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The Chair of the Securities and Exchange Commission wants to know what you want to know about how corporations are dealing with climate change and other environmental risks. In a speech yesterday to the liberal think tank the Center for American Progress, she explained specifically what the Commission, which oversees corporate transparency and accountability for shareholders and the public, wants the public to weigh in on, including:
what climate and environmental performance and risk data and metrics are most useful and cut across industries,
to what extent should the Commission have an industry-specific approach,
what can we learn from existing voluntary reporting frameworks that companies already use,
how does the Commission make a climate change disclosure regime that is sufficiently flexible to keep up with the latest market and scientific developments, and
how should the Commission address the significant gap between what would be required of public versus privately held companies?
Why This Matters: The Commission’s position represents a huge shift and a wholesale rejection of the outdated thinking that we must choose between a clean environment and a strong economy. As the Acting Chair Allison Herren Leesaid, “it’s time to move from the question of ‘if’ to the more difficult question of ‘how’ we obtain disclosure on climate.”
Herren Lee said the public is demanding the additional information — and that as that demand increased, it gave rise to more questions about whether current climate change disclosures provide sufficient information for investors and the public to use their power in the commercial and financial markets to drive change. She explained that the Commission really needs the public’s input so that it can best “regulate, monitor, review and guide climate change disclosures in order to provide more consistent, comparable and reliable information for investors while also providing greater clarity to registrants as to what is expected of them.”
Chair Herren Lee also emphasized that the improved disclosures they are seeking go beyond climate change. Climate is a unique issue because of the potentially systemic (i.e. existential) risks it poses. But she also wants to hear from the public about the broader array of ESG (or environment, sustainability, and governance) disclosure issues. She said, “we must also make progress on standardized ESG disclosure more broadly. That means working toward a comprehensive ESG disclosure framework,” and she specifically referenced COVID and worker safety, as well as racial justice.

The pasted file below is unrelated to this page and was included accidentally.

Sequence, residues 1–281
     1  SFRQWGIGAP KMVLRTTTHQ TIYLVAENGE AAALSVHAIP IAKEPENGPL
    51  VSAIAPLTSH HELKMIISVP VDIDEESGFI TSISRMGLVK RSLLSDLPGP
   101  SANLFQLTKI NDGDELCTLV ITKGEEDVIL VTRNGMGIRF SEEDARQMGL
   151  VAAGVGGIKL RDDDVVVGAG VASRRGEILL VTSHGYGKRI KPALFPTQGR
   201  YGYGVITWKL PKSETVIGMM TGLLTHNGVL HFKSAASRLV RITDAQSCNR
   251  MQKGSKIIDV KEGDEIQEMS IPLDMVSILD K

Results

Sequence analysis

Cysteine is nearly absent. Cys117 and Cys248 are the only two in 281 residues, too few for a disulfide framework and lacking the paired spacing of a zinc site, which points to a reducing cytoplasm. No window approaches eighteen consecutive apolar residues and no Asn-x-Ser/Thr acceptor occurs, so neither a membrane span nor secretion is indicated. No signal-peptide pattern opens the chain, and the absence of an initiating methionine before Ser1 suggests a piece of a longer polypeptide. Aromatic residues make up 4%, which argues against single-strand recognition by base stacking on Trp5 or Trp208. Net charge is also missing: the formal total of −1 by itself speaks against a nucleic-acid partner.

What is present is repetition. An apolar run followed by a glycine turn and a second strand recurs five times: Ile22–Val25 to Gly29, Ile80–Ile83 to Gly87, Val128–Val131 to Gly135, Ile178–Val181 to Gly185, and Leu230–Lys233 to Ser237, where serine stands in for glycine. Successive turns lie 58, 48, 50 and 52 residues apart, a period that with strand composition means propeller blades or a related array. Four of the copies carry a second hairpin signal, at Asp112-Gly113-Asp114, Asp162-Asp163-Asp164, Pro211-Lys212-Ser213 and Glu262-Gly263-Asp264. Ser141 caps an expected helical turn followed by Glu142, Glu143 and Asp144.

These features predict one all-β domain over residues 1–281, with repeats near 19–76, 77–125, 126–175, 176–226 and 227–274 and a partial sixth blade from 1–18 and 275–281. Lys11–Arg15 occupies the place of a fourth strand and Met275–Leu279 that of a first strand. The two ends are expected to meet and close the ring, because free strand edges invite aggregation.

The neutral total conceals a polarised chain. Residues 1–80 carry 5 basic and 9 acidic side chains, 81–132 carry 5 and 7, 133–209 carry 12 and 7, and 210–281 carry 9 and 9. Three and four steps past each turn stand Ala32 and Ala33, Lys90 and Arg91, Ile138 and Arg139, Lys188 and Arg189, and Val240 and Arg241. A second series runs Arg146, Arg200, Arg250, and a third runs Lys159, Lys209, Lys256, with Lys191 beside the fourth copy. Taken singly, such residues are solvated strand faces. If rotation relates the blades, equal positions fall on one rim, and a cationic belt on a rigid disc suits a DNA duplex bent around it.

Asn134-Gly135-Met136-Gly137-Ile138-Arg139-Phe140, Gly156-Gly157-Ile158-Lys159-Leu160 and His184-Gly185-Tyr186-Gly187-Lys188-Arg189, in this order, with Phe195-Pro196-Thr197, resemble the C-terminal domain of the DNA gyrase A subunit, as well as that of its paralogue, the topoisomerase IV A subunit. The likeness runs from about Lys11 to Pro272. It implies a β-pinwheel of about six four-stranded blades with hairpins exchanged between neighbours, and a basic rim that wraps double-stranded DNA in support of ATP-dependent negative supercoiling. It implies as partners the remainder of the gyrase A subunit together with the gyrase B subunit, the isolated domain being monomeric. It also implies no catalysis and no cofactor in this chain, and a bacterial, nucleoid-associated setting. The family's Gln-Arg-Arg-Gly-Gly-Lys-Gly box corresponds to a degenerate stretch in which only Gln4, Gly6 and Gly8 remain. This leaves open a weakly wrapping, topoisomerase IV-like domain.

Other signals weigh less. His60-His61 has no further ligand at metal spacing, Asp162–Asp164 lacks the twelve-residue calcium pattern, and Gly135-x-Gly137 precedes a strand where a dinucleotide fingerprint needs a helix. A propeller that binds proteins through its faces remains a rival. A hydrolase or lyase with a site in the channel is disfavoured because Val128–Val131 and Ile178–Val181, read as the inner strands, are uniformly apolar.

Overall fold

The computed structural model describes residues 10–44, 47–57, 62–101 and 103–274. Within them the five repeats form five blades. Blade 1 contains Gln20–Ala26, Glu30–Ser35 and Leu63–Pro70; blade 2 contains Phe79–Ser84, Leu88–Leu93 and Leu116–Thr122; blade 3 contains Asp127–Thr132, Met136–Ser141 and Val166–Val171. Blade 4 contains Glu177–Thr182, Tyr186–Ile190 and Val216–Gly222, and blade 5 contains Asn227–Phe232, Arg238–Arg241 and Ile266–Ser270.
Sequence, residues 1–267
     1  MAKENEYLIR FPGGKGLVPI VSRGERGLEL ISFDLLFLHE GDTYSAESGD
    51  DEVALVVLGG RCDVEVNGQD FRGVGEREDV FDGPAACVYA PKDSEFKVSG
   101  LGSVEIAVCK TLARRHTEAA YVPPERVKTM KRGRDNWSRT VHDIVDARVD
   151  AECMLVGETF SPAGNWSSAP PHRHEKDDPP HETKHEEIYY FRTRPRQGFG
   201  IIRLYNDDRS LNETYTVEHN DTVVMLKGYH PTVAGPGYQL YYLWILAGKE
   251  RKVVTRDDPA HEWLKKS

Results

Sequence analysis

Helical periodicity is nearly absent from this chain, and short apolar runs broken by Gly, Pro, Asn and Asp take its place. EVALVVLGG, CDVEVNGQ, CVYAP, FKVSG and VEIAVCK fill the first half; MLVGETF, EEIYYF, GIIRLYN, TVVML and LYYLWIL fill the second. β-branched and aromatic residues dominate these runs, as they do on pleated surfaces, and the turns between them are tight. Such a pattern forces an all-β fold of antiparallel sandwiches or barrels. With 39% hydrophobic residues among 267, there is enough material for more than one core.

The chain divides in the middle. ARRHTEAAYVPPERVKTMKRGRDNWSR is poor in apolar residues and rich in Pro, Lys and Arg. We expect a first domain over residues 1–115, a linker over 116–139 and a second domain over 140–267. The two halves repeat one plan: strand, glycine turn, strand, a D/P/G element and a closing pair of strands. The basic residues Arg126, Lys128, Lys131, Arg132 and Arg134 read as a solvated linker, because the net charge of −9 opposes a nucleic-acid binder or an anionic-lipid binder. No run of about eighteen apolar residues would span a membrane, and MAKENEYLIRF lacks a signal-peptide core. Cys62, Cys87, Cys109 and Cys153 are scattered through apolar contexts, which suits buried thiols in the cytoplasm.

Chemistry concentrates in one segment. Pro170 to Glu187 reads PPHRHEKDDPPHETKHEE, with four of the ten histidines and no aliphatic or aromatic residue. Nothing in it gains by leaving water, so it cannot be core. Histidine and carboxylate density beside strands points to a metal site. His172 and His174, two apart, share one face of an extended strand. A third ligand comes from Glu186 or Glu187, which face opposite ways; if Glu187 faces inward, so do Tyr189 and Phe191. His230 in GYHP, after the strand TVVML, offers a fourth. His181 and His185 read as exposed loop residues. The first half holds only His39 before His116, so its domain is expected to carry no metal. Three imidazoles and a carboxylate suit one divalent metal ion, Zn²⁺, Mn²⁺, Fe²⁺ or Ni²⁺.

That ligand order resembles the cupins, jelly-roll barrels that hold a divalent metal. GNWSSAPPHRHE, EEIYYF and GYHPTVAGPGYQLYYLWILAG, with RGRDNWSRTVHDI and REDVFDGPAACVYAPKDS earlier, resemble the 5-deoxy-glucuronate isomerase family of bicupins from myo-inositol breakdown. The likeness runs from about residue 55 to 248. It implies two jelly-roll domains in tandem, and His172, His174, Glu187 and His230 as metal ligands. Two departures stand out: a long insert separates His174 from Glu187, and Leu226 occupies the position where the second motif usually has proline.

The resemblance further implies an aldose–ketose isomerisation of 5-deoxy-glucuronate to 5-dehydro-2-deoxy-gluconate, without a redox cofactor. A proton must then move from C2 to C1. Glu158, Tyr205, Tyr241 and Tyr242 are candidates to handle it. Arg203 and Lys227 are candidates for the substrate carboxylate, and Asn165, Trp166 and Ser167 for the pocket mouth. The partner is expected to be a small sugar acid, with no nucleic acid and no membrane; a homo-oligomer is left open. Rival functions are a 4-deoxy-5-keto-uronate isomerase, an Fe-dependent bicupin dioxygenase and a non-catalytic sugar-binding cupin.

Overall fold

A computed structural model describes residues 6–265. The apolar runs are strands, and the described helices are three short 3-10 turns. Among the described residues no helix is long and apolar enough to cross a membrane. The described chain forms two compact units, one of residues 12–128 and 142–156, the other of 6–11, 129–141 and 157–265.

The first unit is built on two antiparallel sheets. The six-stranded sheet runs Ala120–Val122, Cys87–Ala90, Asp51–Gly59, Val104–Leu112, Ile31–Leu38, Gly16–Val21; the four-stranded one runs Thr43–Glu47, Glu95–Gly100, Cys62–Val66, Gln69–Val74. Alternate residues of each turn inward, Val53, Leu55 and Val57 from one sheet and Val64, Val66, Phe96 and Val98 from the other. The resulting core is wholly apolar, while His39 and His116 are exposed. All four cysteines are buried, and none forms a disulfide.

The Money Quote
In repudiating the false choice of environment versus the economy, Herren Lee said “for a long time so-called impact or socially-responsible investing was perceived or characterized as a niche personal interest – the pursuit of ideals unconnected to financial or investment fundamentals, or even at odds with maximizing portfolio performance. That supposed distinction—between what’s ‘good’ and what’s profitable, between what’s sustainable environmentally and what’s sustainable economically, between acting in pursuit of the public interest and acting to maximize the bottom line—is increasingly diminished.”
by Ashira Morris, ODP Staff Writer World leaders from the Group of 7 countries wrapped up their first post-pandemic in-person summit on Sunday, and the climate crisis was one of the primary agenda items. The heads of state from the U.S., U.K., France, Germany, Canada, Italy, and Japan (as well as the European Union) Agreed […]
The nation’s largest reservoir, Lake Mead, created by the Hoover Dam on the Colorado River, has reached record lows (at only 36% full) in the face of a severe drought sweeping the western U.S. The reservoir supplies drinking water for 25 million people in Los Angeles, San Diego, Phoenix, Tucson, Las Vegas, and more.
For generations, Native Alaskans have stored their food year-round in icy cellars that have been dug deep underground, but recently many of these cellars are either becoming too warm so that the food spoils or failing completely due to flooding or collapse Civil Eats’ Kayla Frost reported from Alaska. The cellars, known as siġluaqs, are usually about 10 to 20 feet below the surface and consist of a small room that used to be consistently about 10 degrees Fahrenheit year-round.
Why This Matters: The loss of these natural freezers could be devastating to Native Alaskans.
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